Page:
Annapurna, Attempt and Tragedy. On December 2, Anatoli Boukreev and I, accompanied by the alpinist and videographer Dimitri Sobolev, flew by helicopter from the last lodge to a base camp at 4095 meters. A long glacier separated us from the beginning of Annapurna’s south face and the traditional Base Camp, where, due to the abundant snow in which the helicopter would have “sunk,” it had not been possible to land. We were forced to break trail along the glacier to get to the base of the face, an exhausting task compounded by much new and abundant snows.
Our stay on the mountain continued to be christened by snowfall that accumulated to four meters. This forced us to change our climbing itinerary (though we kept the summit of Annapurna I as our final objective). The new line of ascent we picked wound its way up the steep east face of Annapurna Fang (7847m) to the line of notches situated between this summit and that of Annapurna II. Once we reached this col we would be able to make a long traverse along the ridge that would bring us to the summit of Annapurna Fang (which is avoidable) and then on to that of Annapurna I. A new itinerary, possibly more difficult, surely longer than an ascent via the Bonington route but, in our minds, much safer given the conditions.
We grew accustomed to proceeding with snow up to our bellies and with packs weighing as much as 34 kilos. On December 25, we began a constant advance in piolet traction on fine mixed terrain to reach the ridge. As we had agreed, I led and equipped the most technically demanding pitches. Thus, after an hour’s climb, Anatoli made a small stance for himself on the slope to deal with the unspooling and joining of the rope coils as I slowly dragged them toward the ridge.
After a couple of hours, I was about 50 to 70 meters from the exit onto the ridge at 6300 meters, but a yell from Anatoli announced the end of the last coil of rope. He suggested I set up an anchor to fix the long umbilical cord that connected us. I carried out the task and, given the high difficulty of the last section remaining to be climbed, I decided to wait for him, who now had been joined by Dimitri.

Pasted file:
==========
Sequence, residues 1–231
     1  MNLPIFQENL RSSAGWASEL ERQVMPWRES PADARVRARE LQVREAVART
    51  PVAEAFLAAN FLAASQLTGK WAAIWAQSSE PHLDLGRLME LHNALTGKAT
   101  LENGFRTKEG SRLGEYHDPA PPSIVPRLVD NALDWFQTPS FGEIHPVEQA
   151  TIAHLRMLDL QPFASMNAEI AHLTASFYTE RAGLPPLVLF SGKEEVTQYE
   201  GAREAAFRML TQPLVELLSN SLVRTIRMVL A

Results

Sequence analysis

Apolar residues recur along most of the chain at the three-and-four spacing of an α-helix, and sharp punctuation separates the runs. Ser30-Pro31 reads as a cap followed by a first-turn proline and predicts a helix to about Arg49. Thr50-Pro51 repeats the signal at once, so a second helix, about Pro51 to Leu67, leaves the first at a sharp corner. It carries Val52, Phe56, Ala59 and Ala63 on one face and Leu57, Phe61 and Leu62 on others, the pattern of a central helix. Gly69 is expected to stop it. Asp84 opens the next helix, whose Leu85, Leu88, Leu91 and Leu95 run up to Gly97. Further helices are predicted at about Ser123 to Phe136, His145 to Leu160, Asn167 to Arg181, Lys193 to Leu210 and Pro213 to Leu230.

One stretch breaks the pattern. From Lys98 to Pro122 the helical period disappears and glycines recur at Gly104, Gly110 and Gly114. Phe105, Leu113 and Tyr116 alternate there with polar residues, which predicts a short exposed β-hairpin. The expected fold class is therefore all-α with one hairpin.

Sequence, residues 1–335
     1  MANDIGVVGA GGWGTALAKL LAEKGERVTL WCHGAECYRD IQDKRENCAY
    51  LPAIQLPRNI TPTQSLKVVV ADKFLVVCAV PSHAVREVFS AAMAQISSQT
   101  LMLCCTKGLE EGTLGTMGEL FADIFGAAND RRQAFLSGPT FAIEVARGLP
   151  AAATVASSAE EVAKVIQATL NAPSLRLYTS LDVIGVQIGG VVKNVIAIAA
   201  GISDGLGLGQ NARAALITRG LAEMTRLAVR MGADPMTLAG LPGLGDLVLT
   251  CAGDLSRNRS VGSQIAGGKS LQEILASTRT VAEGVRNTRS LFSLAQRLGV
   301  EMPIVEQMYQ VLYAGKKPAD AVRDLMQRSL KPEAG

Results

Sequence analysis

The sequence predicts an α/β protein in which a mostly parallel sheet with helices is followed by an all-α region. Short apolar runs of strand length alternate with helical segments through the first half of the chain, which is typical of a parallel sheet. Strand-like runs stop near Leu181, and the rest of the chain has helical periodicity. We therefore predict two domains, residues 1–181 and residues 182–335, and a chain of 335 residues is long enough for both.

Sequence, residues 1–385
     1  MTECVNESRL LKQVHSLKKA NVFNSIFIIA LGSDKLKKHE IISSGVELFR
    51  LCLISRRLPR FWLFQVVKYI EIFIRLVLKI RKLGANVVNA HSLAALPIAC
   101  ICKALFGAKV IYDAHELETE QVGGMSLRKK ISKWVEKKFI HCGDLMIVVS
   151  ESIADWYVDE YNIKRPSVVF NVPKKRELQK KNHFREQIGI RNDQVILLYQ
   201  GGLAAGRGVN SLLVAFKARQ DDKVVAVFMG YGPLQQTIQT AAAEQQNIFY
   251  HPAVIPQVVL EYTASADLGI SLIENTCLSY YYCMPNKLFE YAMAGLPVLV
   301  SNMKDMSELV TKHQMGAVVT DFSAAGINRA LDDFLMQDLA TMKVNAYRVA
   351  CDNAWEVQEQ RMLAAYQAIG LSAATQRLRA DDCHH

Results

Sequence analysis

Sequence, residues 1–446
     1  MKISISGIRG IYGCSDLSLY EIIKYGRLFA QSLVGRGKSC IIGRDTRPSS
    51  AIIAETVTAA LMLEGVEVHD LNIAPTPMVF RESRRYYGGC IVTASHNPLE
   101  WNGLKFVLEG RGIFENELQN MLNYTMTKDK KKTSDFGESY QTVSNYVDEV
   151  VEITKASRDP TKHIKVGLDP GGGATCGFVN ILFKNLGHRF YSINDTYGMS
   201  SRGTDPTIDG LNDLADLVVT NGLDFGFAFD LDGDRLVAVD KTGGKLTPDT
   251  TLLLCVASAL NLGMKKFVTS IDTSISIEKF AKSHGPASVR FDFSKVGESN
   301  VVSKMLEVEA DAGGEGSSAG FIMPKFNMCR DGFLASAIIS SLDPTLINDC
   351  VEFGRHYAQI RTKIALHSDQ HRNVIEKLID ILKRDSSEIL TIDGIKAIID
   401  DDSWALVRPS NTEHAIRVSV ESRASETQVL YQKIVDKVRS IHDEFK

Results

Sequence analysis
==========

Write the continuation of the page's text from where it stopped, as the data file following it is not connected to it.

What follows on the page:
I spent the first few minutes filming and photographing my two friends, then concerned myself with putting the video camera away in my pack so I could get my gloves back on. In the time it took to think of doing this, but before I actually could begin, I realized the moment of my death was silently approaching.
Blocks of ice and rock in a cloud of snow were falling down on me. In a state of animated “peaceful resignation,” I thought only of yelling out the danger to Anatoli and Dimitri. I remember seeing them make a rapid lateral move in an attempt to get out of the way of the avalanche while I crouched and leaned against the wall, gripping with my bare hands the rope that had just been fixed.
I wasn’t able to resist the fury of this mass for even a second, and I fell rapidly, grasping the rope between my hands as it burned and lacerated my fingers almost through to the bone. The series of flights, slides and ricochets seemed like they would never end. All I could do was go along with the movement of the avalanche, often tumbling at break-neck speed and losing orientation.
It was 12:37 when I stopped, half-buried in the snow, at 5500 meters. I could not see out of one eye, my hands were stripped to the bone, my clothes were in shreds, and I had lost all my equipment except for my crampons. I immediately called Anatoli and Dimitri many times but no one answered. I staggered about in the avalanche for about 15 minutes without seeing or hearing anything from them.
I was alive, but unsure of my survival given the conditions and the 1500 meters of wall yet to descend before getting to Base Camp. There, I would be able to organize the rescue that I knew would arrive within a few days’ wait.
Good fortune willed that only 50 meters from the avalanche stood our Camp I tent, inside which I had a supply of clothing. After exhaustingly redressing, I started the long, dramatic descent without use of my hands and able to see out of only one eye. After six hours, I arrived exhausted at the 4095-meter Base Camp where my Nepalese cook attended to me, ignorant of what had just happened. Thanks to his nocturnal walk of more than ten hours to a village, and the subsequent radio contact with a friend, Nima, from Cho Oyu, who was trekking in Kathmandu, I was able to take advantage of the help of a helicopter that came and got me on December 26 at Base Camp.
Three days later, I was once again in a helicopter trying to fly over the avalanche and possibly see my friends still alive. Unfortunately, there still is no trace of them today, apart from what remains of Anatoli in the pages of the history of alpinism.
Simone Moro, Italy